The problem with many of the campervans who visit Scotland is that they don’t have their own facilities onboard- and people have been leaving waste (of the humankind and other kinds) all over the place.
TOP TIP: If you need to find a toilet as you travel, lockdown loo is a great resource.
On top of that, many wild camping spots don’t have any facilities, so people have been leaving piles of rubbish and even emptying their chemical toilets into bushes or over the countryside. Times this by thousands upon thousands of vanlifers and it’s no wonder the Scottish government are trying to protect their country.
Despite what you might have read elsewhere, wild camping with a motorised vehicle is NOT legal in Scotland- and the locals are getting more and more upset with the damage and mess left behind.
The Scottish authorities have been trying hard to promote using campsites and approved places only (here are some of the best motorhome campsites along the NC500 route) but already in 2021 it’s apparently crazy busy up there and there have been problems with the locals.
So, at the moment, until better facilities are in place, we don’t recommend wild camping in Scotland with a motorhome or campervan– use one of the campsites, CS or CL locations and avoid any unpleasantness.
Another great option which was trialled in 2020 and has been brought back for 2021 is the Stay the Night in the Forest scheme.
This fantastic scheme allows motorhomes and campervans that are self-contained and have their own toilet facilities to stay overnight at pre-approved car parks between 26 April – 31 October 2021. This does not include overnight tent camping or car parking. Note every place is free, but it’s a heck of a lot cheaper than a campsite. Find out everything you need to know about the scheme here.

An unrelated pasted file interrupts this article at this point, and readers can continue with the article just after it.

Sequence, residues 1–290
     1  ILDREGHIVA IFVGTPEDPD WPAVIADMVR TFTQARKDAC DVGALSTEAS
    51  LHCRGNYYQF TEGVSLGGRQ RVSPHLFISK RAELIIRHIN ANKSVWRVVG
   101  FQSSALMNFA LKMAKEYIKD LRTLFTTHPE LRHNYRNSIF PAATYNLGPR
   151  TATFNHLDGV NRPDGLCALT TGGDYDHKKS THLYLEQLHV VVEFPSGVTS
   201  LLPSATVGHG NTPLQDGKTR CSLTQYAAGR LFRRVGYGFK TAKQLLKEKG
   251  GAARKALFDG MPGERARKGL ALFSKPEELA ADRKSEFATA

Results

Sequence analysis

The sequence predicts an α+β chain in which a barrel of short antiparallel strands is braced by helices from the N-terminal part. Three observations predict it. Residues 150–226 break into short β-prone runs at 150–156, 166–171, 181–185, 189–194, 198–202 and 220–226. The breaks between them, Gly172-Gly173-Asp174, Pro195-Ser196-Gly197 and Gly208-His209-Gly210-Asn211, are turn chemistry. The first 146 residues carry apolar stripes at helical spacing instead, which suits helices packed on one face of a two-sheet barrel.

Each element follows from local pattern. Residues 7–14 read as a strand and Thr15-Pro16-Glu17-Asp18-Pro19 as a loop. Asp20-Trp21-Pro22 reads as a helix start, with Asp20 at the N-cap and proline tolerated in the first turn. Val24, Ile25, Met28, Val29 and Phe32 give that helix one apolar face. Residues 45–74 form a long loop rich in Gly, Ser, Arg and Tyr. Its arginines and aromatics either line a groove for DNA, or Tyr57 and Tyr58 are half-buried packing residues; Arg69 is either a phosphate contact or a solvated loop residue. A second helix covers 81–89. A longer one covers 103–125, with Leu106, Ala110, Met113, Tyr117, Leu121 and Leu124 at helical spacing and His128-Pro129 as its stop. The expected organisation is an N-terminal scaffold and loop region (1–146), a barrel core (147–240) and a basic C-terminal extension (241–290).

If you use a place, please treat it with respect. We really don’t want to lose this scheme in the future and that is sadly what might happen if the damage and destruction doesn’t stop.
Where can you take your motorhome in the UK?
If you’re touring the UK, there are literally thousands of places you can visit with your motorhome. A lot of it will depend on the sort of motorhome holiday you want to have- would you like a campsite near a beach or with facilities for the kids? Do you want an adult-only site with stunning views and a relaxed atmosphere? Are you visiting a specific location and need to be nearby?
Here are some posts to help you have an unforgettable UK break:
- How to plan a UK road trip (without feeling overwhelmed!)
- 17 best UK motorhoming destinations
- The best UK road trips and scenic drives
- Campervanning in Scotland- your complete guide
Kat never planned to buy a motorhome. She also never planned to quit her job as an air traffic controller, go touring around Europe in said motorhome, start one of the UK’s largest motorhome travel websites… or get a cocker spaniel.
If you’d like to connect with Kat, send her an email or follow her adventures on social media.